Like

    2. Interesting anecdote (kind of funny about the doubling-down on Trump products).
      I agree about the appeal to nostalgia. I do not agree that “Trump’s policies” are not what interest his voting base. I do not agree that “salt of the earth folks” wouldn’t support his policies, as you seem to suggest. But then I guess I must not be not a salt of the earth type person.
      In the appeal to nostalgia, I can think of about a hundred things off the top of my mind that have nothing to do with white supremacy or sexism. That suggestion alone makes the point. I yearn for a time when people weren’t using sexism or racism as a way to silence people, label them, take away their livelihoods (examples available upon request) without due process. I have nostalgia for a time when masses of rioters weren’t bludgeoning our cities demanding loyalty oaths with the raised fists (that used to be a tell). I yearn for when the US was making its own products and not reliant on enemy countries for essential items that can just be shut off.
      I yearn for a lot of things and none of them are racist (except to race baiting dog whistle obsessive compulsives).

      Liked by 1 person

      1. “I yearn for a time when people weren’t using sexism or racism as a way to silence people, label them, take away their livelihoods (examples available upon request) without due process.”

        Liz,

        MLK yearned for a day when folks would be judged by the content of their character rather than the color of their skin. It’s funny how we, mostly privileged white folks, have twisted that dream. Remember that, especially toward the end of his life, MLK had determined that he was not just fighting racial prejudice, but that instead the a stratified caste system that underpinned racism in America and that was being used to keep all poor people, of all races and sexes, in their place.

        Here is an excerpt from an article in The Guardian by Isabel Wilkerson:

        “In the winter of 1959, after leading the Montgomery bus boycott that arose from the arrest of Rosa Parks and before the trials and triumphs to come, Martin Luther King Jr and his wife, Coretta, landed in India, at Palam Airport in New Delhi​, to visit the land of Mohandas K Gandhi, the father of nonviolent protest. They were covered in garlands upon arrival, and King told reporters: ‘To other countries, I may go as a tourist, but to India I come as a pilgrim.’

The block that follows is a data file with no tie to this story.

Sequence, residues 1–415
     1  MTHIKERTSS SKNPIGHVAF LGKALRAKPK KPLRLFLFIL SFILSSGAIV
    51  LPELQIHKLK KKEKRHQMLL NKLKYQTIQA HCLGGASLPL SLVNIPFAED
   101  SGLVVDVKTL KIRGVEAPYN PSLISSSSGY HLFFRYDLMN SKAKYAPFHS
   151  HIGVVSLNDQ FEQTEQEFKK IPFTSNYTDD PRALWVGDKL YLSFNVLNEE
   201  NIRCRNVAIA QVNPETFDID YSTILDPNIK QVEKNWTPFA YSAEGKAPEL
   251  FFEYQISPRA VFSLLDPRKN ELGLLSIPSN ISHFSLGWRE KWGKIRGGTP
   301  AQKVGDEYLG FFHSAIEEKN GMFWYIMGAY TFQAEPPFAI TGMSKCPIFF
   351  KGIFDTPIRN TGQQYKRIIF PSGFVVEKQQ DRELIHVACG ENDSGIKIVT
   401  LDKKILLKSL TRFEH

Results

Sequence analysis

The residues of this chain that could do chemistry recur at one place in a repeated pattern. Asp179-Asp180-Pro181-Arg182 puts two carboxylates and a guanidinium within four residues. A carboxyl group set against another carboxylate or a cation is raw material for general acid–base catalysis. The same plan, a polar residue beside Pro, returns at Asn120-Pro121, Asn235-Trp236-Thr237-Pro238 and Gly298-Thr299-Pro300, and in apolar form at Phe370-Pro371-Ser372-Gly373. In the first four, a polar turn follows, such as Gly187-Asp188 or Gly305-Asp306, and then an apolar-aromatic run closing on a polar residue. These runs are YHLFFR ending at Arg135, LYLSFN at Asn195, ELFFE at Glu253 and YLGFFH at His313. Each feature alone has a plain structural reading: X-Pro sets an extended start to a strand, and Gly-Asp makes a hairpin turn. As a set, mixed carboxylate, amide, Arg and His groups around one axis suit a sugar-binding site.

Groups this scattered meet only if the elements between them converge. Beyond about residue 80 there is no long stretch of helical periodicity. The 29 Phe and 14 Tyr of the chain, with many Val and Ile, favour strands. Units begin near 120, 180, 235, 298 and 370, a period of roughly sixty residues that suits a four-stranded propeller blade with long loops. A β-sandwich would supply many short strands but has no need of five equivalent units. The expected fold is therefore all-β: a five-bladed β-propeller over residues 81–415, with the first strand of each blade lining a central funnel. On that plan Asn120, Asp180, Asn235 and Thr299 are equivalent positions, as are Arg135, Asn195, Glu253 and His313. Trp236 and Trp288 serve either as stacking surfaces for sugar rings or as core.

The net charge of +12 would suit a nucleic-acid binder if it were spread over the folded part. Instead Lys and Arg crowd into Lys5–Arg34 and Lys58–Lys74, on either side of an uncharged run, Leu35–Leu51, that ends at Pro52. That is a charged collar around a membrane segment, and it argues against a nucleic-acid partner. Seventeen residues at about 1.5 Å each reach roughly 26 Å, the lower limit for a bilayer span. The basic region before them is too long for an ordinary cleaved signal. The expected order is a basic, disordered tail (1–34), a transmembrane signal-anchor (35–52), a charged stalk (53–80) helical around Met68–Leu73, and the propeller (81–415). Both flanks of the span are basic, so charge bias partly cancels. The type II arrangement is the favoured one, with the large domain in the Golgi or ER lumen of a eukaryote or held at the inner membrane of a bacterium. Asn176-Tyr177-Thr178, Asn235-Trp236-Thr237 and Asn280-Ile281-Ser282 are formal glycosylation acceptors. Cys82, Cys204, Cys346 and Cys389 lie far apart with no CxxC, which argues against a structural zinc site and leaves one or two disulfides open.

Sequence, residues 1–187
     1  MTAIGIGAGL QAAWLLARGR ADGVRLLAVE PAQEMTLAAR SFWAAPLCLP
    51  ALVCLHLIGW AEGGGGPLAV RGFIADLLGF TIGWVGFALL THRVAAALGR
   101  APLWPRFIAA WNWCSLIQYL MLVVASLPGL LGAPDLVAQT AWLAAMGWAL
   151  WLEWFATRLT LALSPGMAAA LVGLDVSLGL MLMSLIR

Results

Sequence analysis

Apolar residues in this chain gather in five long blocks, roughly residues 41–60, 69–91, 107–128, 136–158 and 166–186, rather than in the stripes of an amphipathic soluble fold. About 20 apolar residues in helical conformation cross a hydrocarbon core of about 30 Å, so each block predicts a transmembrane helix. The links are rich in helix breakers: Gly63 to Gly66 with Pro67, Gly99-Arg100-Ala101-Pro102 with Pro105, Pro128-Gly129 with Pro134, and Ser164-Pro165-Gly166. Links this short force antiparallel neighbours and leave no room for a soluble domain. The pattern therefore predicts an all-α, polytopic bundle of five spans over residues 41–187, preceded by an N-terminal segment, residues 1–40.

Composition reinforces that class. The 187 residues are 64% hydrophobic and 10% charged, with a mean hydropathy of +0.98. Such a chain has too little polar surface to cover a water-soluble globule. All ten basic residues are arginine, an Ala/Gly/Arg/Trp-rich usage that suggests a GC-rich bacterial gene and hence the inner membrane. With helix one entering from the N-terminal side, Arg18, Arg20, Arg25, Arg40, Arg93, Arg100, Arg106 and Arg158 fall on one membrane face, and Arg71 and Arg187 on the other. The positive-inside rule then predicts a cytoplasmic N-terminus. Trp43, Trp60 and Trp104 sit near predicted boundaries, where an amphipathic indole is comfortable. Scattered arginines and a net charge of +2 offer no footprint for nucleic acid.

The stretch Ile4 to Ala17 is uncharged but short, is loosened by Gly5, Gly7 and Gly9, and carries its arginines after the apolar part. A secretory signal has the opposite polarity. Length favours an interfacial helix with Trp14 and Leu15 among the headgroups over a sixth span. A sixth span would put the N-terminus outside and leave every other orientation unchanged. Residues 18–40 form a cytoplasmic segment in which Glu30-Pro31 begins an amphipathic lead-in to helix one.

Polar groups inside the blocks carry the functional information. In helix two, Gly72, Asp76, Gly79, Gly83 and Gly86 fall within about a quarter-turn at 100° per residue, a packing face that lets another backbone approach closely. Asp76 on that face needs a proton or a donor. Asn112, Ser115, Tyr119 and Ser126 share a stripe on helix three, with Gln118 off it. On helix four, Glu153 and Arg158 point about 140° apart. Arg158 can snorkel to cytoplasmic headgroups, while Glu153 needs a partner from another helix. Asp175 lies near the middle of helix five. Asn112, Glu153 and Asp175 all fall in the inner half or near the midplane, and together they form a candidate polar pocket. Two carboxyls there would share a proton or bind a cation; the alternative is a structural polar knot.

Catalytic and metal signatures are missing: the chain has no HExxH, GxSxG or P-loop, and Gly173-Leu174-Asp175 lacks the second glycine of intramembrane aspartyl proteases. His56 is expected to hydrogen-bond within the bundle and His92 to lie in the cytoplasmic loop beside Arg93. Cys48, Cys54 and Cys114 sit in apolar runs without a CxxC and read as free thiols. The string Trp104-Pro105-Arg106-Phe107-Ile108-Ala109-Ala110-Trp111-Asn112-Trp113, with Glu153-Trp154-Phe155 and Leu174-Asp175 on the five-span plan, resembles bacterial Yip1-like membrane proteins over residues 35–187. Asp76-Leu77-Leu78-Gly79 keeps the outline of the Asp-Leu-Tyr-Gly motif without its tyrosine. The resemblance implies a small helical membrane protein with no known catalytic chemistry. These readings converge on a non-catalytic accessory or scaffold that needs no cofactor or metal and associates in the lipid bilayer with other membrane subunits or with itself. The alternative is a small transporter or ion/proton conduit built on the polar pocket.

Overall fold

“He had long dreamed of going to India, and they stayed an entire month. King wanted to see for himself the place whose fight for freedom from British rule had inspired his fight for justice in America. He wanted to see the so-called “untouchables”, the lowest caste in the ancient Indian caste system, whom he had read about and had sympathy for, but who had still been left behind after Indiagained its independence the decade before.

        “He discovered that people in India had been following the trials of his own oppressed people in the US, and knew of the bus boycott he had led. Wherever he went, the people on the streets of Bombay and Delhi crowded around him for an autograph. At one point in their trip, King and his wife journeyed to the southern tip of the country, to the city of Trivandrum in the state of Kerala, and visited with high-school students whose families had been untouchables. The principal made the introduction.

        “‘Young people,’he said, ‘I would like to present to you a fellow untouchable from the United States of America.’ King was floored. He had not expected that term to be applied to him. He was, in fact, put off by it at first. He had flown in from another continent, and had dined with the prime minister. He did not see the connection, did not see what the Indian caste system had to do directly with him, did not immediately see why the lowest-caste people in India would view him, an American Negro and a distinguished visitor, as low-caste like themselves, see him as one of them. ‘For a moment,’ he later recalled, ‘Iwas a bit shocked and peeved that I would be referred to as an untouchable.’

        “Then he began to think about the reality of the lives of the people he was fighting for – 20 million people, consigned to the lowest rank in the US for centuries, ‘still smothering in an airtight cage of poverty,’ quarantined in isolated ghettoes, exiled in their own country.

        “And he said to himself: ‘Yes, I am an untouchable, and every negro in the United States of America is an untouchable’. In that moment, he realised that the land of the free had imposed a caste system not unlike the caste system of India, and that he had lived under that system all of his life. It was what lay beneath the forces he was fighting in the US.“

        The full article is here:

        https://www.theguardian.com/world/2020/jul/28/untouchables-caste-system-us-race-martin-luther-king-india

        I also recommend Wilkerson’s book “Caste”.

        Let me ask you a basic question Liz. What do you think “character” as MLK used it actually means, and how do we judge it’s content, and raise people up who tower over the rest of us in that content?